Why IT Leaders Must Shift to Outcome-based Strategies

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Today, businesses know that IT is essential to their mission: with 78% of small business leaders stating that IT is a top investment for them in 2022, Gartner predicts a worldwide IT spend of $4.4 trillion this year. Overall, this is good news for CIOs and other technology professionals – but it also represents a challenge that will require innovation to overcome.

Increasingly, business leaders are expecting results from their investment. In order to meet those expectations, IT leaders need better clarity about the outcomes they should be providing while honing the capabilities needed to deliver them. In time, the ability to plan and execute an outcome-based strategy will distinguish the best IT professionals from the worst.

Five outcomes IT can deliver

Technology has become integral to the way we work and do business, driving capabilities like remote collaboration and customer support. But from a business leader’s perspective, the top-down view is more important, including these five, high-level outcomes:

  1. More Predictable Costs
    While business leaders don’t mind paying more for IT, unpredictable costs are a source of concern that limit growth and squeeze out other initiatives. Legacy IT infrastructure is a leading source of unexpected or bloated expenditure, costing organizations a significant percentage of their annual budget.Ultimately, IT leaders can cut down on surprise costs and keep expenditure consistent from month to month through strategic modernization, regular maintenance, and budgeting that accounts for key business needs.
  2. Improved Scalability
    The need for scalability is a key factor in the growth of cloud, which will comprise a majority of Enterprise IT spending by 2025. Scalability allows organizations to save time, support more users, and remain resilient in the face of fluctuating business needs.IT professionals can lead the way in cloud adoption and other scalable business practices, which sometimes mean higher short-term costs for long-term gains. This requires not only IT expertise, but also the ability to communicate with decision-makers and explain the benefits.
  3. Reduced Risk
    Today, businesses face risk from many sources, including rampant cyberattacks, violations of data privacy laws, human error - which accounts for 95% of cyber issues - and technical debt.IT leaders can help to mitigate all these risks by ensuring cybersecurity and compliance from IT vendors, training employees for safer practices, and ensuring their business does not fall behind competitors in terms of modernization.
  4. Increased Productivity
    Without the right technology, productivity has a hard limit: clutter, poor reliability and bad user experience are obstacles to getting anything done.Simply modernizing away from legacy systems provides a productivity boost – but strategic IT advancement can go further through automation, better tools, and continual improvement based on user feedback. For instance, a Forrester study found that collaboration tools correlated with a 10% increase in productivity across multiple organizations.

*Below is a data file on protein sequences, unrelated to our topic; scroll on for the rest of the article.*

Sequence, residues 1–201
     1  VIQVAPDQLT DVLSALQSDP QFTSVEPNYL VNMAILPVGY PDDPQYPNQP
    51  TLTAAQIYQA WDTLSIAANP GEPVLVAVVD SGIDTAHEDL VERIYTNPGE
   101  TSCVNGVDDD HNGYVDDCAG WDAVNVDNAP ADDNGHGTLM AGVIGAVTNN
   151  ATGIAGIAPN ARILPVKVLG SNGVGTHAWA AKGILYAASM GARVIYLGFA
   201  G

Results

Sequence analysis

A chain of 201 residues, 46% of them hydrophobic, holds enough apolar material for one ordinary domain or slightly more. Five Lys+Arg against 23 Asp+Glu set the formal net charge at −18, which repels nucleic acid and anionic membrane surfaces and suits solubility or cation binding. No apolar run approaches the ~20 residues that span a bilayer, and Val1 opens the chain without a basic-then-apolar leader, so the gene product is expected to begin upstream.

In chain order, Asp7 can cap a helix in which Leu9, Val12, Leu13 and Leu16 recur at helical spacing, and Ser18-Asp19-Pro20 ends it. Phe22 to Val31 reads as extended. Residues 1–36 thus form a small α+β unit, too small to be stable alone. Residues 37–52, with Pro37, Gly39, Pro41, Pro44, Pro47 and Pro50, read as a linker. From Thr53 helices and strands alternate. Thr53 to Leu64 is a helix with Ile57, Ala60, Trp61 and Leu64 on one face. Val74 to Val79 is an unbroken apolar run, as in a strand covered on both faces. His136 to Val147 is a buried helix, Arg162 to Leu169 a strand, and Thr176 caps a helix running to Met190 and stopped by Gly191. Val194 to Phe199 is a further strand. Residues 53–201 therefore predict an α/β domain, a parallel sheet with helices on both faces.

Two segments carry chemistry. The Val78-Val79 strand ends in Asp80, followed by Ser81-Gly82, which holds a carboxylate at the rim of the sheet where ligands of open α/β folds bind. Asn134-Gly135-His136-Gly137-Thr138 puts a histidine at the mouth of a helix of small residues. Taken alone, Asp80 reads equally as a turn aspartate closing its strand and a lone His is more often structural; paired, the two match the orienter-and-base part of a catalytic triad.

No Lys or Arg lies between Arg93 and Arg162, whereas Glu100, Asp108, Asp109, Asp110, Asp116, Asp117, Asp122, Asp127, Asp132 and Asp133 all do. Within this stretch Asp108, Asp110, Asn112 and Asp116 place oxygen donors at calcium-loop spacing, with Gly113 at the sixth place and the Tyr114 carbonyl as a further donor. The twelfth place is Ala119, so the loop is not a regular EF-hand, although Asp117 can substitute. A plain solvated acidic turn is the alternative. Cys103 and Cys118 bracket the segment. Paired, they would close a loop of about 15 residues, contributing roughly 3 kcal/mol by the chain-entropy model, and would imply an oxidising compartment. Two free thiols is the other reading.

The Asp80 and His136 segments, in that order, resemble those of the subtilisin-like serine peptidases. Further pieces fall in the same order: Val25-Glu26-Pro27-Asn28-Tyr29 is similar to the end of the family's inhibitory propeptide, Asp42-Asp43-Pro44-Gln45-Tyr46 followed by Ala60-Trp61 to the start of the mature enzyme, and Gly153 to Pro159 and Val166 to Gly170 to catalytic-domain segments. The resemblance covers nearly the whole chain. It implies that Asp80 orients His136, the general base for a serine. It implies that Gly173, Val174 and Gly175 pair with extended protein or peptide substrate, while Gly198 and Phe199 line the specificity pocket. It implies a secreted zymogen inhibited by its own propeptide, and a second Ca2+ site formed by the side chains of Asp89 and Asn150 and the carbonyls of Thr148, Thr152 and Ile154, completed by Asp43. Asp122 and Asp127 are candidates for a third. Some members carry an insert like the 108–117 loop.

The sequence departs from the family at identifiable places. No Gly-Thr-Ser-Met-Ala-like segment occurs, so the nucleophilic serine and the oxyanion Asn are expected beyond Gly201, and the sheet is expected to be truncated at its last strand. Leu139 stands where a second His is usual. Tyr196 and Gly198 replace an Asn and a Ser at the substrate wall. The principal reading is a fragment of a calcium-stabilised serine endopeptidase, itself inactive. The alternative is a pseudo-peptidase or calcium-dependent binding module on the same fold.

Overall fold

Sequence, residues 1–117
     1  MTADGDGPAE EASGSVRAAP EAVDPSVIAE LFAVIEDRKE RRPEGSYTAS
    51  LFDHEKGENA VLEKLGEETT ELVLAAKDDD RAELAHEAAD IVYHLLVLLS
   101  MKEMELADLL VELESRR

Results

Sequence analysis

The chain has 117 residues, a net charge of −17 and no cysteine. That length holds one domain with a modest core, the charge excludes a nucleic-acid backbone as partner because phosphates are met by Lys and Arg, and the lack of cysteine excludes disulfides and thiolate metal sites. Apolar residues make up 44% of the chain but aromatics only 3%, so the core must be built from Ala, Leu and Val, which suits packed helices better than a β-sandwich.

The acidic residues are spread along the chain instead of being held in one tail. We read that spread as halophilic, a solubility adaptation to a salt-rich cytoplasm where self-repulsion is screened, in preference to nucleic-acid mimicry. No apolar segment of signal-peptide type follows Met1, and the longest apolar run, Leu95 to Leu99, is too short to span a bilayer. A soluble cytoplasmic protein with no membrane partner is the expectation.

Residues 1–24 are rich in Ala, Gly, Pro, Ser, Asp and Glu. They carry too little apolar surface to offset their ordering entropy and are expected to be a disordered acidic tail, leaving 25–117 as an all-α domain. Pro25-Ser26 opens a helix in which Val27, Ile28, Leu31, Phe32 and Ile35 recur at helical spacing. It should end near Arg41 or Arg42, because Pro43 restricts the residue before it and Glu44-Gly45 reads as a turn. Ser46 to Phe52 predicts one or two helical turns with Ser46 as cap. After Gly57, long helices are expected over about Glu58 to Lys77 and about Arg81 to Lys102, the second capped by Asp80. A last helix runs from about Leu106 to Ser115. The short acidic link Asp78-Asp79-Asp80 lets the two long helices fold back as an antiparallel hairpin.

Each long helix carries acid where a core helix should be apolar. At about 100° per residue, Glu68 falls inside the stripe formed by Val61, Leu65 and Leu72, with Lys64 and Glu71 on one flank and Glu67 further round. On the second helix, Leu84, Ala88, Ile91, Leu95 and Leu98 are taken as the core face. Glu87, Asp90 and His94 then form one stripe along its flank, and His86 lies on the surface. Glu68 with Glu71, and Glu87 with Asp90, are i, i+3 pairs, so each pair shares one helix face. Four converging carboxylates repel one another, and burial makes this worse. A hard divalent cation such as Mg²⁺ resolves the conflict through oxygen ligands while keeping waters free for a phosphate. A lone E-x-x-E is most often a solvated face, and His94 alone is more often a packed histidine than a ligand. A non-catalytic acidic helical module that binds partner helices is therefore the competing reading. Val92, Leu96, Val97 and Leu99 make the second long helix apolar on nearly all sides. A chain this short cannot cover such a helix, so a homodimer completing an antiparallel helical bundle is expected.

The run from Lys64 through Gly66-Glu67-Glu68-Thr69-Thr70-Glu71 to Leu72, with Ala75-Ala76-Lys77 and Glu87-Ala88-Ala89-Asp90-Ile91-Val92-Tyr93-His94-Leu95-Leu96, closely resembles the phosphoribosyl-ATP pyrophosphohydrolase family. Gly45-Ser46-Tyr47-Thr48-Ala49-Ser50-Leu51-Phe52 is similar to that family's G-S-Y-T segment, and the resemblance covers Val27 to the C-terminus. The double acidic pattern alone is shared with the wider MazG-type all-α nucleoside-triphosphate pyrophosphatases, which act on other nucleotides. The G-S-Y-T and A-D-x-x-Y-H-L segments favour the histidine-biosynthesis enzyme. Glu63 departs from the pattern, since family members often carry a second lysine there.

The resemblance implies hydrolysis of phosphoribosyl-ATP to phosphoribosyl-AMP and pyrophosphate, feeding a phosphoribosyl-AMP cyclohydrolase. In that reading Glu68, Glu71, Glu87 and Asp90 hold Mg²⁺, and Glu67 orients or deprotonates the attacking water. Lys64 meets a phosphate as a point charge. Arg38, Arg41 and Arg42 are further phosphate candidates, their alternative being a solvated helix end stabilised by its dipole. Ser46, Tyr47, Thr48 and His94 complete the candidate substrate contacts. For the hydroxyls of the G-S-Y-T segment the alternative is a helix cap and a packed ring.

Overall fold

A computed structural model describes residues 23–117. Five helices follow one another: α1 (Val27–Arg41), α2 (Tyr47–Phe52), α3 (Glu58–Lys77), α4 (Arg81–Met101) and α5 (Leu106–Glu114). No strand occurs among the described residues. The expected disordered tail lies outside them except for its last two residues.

5. Better Ways to Work
    The ultimate goal of IT is not merely to serve as a vehicle for the way people currently work, but to provide new ways of working that are resilient in the face of changing business trends, such as increased remote employment and talent shortages.IT professionals not only provide businesses with better tools for project management, collaboration, and remote conferencing - they also help organizations to leverage their existing tools more effectively, while optimizing for mission-specific needs.

Capabilities for CIOs

Thanks to their unique combination of IT and business expertise, CIOs are already uniquely suited to deliver improved business outcomes – but planning strategies around those outcomes requires them to hone specific skills, such as:

  • Collaboration – ask questions, build relationships, and work across multiple departments to better understand the business considerations that shape IT strategy.
  • Leadership – always be thinking ten years ahead, seeking the intersection between your organization’s mission and technological trends.
  • Ongoing assessment – continually audit business performance based on KPIs, and measure to confirm that your strategy is delivering results.

Ultimately, the future of IT strategy lies in better outcomes – but proving those outcomes requires more than a combination of IT and business expertise: it also requires the ability to communicate with stakeholders, track metrics, and understand technology trends.

The growing role of vCIO

For small to medium-sized businesses (SMBs), virtual CIOs (vCIOs) are becoming an attractive alternative to full-time IT staff, not only delivering enterprise-level IT experience at a fraction of the cost, but also relying on delivery of business outcomes to retain their position from year to year.

As a heavyweight outsourced role, vCIOs face unique challenges, knowing they will be judged by their results – as time goes by, the same will be true for CIOs and other tech leaders. The IT professionals of tomorrow will be differentiated by multi-domain expertise, and their ability to achieve measurable benchmarks for business improvement.